Hong Kong must remain open and inclusive for all

November 07, 2023 09:38
Photo: Reuters

What makes Hong Kong valuable to its own country?

I would posit that the answer lies not with, ‘out-performing mainland counterparts in feigning loyalty through flimsy sycophancy that convinces no one of Hong Kong’s actual fealty’; nor does it rest with ‘turning and looking inwards, at the expense of the outward and forward-thinking ethos that has long made this city great’. At a juncture as critical as the era in which we live, it is imperative that Hong Kong remains open and inclusive for all – in order to continually attract and serve as a stepping-stone for talents seeking to come to China.

In short, Hong Kong needs to further open up, as opposed to clamming up. In face of conservatism and risk-aversion – the rising risks of parochial and naïve, narrow-mindedness from policymakers – it is all the more crucial that those who care for and love this city deeply, speak up and out for what is right, as opposed to what is politically expedient and seemingly career-enhancing.

We must remain open and inclusive to all ethnicities. Hong Kong is not made up of purely ‘Chinese’ citizens – indeed, the very notion of being Chinese is itself a hotly contested and fundamentally heterogeneous category. Nor should the ‘Hong Konger’ identity be narrated and interpreted through ethnocentric terms. There are Jewish friends of mine whose family has made and called this city their home for over a century – far longer than parts of my own family, for one. There are friends of mine who migrated from Canada and France to Hong Kong as a young teenager, in search of business opportunities – and have emerged as powerful, prominent business leaders who have contributed ceaselessly to the advancement of Hong Kong’s economic and social interests.

And then there are those who are members of the Chinese diaspora in Southeast Asia, who have sought to reconnect with their personal and familial roots through moving ‘back’ to China (despite having led almost their entire lives thus far abroad) – to them, Hong Kong remains ‘special’, in being the only world-class, cosmopolitan city (save from perhaps Kuala Lumpur) where Cantonese is widely and extensively spoken. Many of these diaspora businessmen prefer conversing in Chinese dialects, e.g. Teochew or Hokkien, and Cantonese, precisely because these are the tongues they spoke whilst growing up. The familiarity of Hong Kong in vernacular and linguistic terms, also breeds a distinctive sense of affinity. It’s year 2023, and Hong Kong should have no place for Han-supremacist/Sinocentric conceptions that bind citizenship and membership of our city to a particular skin colour or race.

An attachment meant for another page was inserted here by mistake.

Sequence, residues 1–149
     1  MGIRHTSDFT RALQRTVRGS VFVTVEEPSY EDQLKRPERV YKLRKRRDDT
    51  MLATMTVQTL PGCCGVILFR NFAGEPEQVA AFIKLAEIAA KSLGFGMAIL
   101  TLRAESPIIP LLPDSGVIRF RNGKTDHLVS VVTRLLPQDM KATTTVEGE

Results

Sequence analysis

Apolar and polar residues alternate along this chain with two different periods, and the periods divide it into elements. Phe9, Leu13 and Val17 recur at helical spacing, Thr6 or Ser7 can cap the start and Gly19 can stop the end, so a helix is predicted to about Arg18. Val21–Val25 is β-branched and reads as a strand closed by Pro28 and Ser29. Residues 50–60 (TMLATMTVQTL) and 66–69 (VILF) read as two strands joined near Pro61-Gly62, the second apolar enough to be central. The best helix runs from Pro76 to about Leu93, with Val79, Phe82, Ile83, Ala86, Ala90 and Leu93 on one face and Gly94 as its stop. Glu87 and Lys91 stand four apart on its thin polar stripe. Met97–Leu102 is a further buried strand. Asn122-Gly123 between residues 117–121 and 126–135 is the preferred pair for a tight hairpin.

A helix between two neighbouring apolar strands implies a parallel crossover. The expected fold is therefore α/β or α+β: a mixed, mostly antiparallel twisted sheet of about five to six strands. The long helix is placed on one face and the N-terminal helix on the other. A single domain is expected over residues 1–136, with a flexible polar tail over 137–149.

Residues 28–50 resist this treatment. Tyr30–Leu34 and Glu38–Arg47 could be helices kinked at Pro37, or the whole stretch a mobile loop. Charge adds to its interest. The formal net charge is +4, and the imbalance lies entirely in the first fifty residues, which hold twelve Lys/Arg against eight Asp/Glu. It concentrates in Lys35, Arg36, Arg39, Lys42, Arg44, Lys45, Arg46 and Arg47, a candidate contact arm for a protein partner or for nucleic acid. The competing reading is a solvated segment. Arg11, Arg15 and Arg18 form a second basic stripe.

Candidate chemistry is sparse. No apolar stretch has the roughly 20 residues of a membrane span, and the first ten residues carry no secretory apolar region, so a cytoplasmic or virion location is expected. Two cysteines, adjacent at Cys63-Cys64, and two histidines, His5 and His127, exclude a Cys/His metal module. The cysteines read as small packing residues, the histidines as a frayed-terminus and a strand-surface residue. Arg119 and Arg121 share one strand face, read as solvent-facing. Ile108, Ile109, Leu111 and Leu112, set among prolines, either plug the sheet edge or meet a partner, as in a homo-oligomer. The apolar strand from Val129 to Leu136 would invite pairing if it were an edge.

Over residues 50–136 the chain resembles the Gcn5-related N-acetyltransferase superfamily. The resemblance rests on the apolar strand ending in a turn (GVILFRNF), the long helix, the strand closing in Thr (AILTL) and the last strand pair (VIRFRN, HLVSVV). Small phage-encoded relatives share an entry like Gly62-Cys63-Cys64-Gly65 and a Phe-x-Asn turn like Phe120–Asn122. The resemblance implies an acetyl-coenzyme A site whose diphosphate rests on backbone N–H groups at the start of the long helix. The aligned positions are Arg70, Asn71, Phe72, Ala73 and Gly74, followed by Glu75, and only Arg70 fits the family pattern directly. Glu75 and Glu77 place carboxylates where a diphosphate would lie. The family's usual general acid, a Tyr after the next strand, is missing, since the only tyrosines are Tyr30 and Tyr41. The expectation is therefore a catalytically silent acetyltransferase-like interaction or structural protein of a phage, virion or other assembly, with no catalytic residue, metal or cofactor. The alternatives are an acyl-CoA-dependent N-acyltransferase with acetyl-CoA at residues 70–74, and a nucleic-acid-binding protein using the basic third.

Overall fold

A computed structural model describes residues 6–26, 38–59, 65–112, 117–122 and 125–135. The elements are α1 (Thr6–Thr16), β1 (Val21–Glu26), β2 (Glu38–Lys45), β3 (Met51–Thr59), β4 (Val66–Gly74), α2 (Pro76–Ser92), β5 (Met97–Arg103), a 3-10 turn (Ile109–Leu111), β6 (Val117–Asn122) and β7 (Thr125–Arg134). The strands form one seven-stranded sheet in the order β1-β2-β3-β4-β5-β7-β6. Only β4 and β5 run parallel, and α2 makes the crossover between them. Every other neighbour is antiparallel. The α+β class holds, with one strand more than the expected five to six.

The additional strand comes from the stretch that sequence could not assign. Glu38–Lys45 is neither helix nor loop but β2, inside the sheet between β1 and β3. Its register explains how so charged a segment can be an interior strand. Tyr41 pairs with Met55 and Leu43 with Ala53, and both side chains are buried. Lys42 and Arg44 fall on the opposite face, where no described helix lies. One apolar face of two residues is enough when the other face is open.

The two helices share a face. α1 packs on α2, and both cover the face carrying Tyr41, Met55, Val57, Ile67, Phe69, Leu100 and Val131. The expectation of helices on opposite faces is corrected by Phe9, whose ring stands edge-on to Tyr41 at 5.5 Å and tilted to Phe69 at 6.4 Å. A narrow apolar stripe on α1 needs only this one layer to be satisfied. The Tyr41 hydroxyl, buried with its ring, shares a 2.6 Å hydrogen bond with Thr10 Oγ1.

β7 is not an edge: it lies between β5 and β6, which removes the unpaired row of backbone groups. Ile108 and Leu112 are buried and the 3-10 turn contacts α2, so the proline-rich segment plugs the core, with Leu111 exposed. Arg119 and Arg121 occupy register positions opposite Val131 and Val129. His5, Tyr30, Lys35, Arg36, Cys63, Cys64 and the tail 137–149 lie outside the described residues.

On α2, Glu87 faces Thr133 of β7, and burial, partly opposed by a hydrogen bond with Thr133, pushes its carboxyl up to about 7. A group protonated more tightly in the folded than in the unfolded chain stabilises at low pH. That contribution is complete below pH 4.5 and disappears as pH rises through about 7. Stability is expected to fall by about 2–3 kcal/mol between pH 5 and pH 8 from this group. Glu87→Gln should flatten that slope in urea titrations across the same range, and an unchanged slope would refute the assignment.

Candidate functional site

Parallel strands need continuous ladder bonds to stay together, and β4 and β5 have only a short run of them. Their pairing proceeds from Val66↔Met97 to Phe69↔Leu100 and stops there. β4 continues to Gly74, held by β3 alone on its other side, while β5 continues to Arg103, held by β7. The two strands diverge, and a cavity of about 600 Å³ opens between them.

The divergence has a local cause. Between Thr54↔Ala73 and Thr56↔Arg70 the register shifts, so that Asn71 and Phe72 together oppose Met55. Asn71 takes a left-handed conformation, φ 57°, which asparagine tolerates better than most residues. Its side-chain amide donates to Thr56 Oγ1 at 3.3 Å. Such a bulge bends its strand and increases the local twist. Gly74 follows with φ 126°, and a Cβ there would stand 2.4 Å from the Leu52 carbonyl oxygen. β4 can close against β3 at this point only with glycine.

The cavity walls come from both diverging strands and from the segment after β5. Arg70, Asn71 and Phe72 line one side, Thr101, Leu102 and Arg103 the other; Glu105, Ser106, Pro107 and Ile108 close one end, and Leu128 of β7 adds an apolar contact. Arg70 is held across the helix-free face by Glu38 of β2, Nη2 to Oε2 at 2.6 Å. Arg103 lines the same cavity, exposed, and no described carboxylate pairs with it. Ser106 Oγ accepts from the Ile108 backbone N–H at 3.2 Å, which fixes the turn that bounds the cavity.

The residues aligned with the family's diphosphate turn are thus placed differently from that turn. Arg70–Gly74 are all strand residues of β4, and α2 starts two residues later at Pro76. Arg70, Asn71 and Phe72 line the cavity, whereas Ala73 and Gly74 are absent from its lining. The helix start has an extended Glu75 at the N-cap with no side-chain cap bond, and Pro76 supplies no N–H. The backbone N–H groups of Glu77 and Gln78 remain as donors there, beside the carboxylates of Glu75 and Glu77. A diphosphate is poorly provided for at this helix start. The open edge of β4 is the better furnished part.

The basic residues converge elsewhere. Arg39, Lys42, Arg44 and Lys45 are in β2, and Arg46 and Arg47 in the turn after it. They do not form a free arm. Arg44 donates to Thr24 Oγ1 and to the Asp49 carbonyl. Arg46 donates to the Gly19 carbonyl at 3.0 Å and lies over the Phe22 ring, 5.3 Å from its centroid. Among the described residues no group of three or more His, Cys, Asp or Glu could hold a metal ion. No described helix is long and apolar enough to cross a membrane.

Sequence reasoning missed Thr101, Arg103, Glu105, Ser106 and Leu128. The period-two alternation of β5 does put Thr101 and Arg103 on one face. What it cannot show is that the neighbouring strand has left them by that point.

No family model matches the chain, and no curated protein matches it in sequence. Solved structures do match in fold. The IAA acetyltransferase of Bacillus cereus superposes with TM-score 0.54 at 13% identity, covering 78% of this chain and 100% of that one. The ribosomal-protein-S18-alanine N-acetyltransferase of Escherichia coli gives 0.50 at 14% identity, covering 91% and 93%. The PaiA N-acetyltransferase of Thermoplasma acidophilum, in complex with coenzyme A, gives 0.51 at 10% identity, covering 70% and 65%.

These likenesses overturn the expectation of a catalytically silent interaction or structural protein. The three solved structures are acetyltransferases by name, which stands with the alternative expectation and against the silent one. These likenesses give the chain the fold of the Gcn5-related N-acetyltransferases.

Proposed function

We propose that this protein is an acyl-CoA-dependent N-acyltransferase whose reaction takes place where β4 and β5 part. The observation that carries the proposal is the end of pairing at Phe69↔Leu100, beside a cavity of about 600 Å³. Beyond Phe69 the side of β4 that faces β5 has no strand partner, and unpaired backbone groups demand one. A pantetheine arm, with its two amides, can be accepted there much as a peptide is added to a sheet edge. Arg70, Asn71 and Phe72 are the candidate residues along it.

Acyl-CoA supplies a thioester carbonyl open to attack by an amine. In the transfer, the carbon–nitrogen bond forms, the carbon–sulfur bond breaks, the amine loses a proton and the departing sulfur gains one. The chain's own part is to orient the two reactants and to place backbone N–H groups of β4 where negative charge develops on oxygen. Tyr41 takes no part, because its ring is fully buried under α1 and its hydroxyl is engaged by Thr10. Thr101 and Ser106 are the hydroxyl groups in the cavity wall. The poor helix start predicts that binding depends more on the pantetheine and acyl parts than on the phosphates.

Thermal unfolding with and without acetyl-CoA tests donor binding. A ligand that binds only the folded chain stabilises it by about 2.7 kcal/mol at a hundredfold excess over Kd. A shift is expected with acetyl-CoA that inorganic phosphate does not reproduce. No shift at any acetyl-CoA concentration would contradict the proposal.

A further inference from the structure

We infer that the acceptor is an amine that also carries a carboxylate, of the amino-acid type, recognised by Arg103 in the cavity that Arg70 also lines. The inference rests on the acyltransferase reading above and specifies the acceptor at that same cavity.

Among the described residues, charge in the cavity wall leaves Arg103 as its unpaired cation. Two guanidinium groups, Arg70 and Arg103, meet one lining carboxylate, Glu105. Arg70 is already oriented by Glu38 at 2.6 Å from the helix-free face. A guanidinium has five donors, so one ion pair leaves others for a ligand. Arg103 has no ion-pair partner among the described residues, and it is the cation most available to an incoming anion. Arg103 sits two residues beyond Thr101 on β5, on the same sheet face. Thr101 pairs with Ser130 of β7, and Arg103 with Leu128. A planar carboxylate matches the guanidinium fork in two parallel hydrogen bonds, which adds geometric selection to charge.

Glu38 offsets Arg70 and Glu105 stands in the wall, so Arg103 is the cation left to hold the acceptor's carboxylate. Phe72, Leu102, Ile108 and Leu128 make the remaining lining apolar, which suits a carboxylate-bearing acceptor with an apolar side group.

We must also remain open and inclusive on the front of sexual orientations, gender and sexual identities, and equal rights for men and women. The world is moving in ways that could well be discomforting and incongruous in the eyes of those who came of age in the 1950s and 1960s; the global order is evolving towards one that is increasingly polycentric, multicultural and inclusive of different religious and value systems. If Hong Kong is to stay attractive and competitive as a business hub, it must seek to upgrade not just its hardware, but also its soft infrastructure.

It falls upon the more sensible voices amongst us in ensuring that the public at large wakes up to the ‘social’ facts that there is nothing wrong with homosexuality (a thoroughly Chinese, and Asian, value, at all – just look at ancient imperial Chinese history!), nothing wrong with those who do not conform to the cis-het doctrines governing how we conceptualise sex and gender, and nothing wrong with love, provided that it is consensual and built upon grounds of respect. Some of these propositions aren’t ‘biological facts’ – of course, gender is almost by definition a concept that should be untethered and decoupled from the rigidly construed taxonomy of sex; yet they are most certainly facts rooted in social interests and cultural pluralism that behoove our acceptance.

Note, this is not akin to saying that we must embrace, love, or actively befriend those whose sexual orientations with which we disagree, or we must otherwise face sanctions – this is a strawman position that few would reasonably seek to advance in practice. Few sensible members of the LGBTQIA+ community would ever make the argument that they deserve to be loved, respected, and heralded by all others in an intimate, interpersonally significant fashion, sheerly in virtue of their sexual orientations.

Yet what the community has long asked for – and is a most reasonable ask, I might add – is that the world at large does not treat them unequally, view them discriminatorily, and portray them as outcasts on the spurious grounds that they are allegedly ‘unnatural’. There are many things we do, many activities we engage in, many materials and substances we employ that are ‘unnatural’; even if we ignore the many instances in nature demonstrating that cisheteronormativity is not the default, and that there can be other forms of sexual identities and gender orientations that do not conform to religious doctrines, we must recognise that this blind appeal to outdated conceptions of ‘what is natural’ cannot be taken seriously as a substantive and well-established argument.

The Gay Games have provided our city with the opportunity to signal and demonstrate to the world at large that Hong Kong is back, is indeed open, and is keen to welcome guests and friends from afar, regardless of their sexual orientations, gender identities, or where they are from. We must not and cannot derail efforts such as these, as we seek to put Hong Kong back on the world map again – for the right reasons.

-- Contact us at [email protected]

Assistant Professor, HKU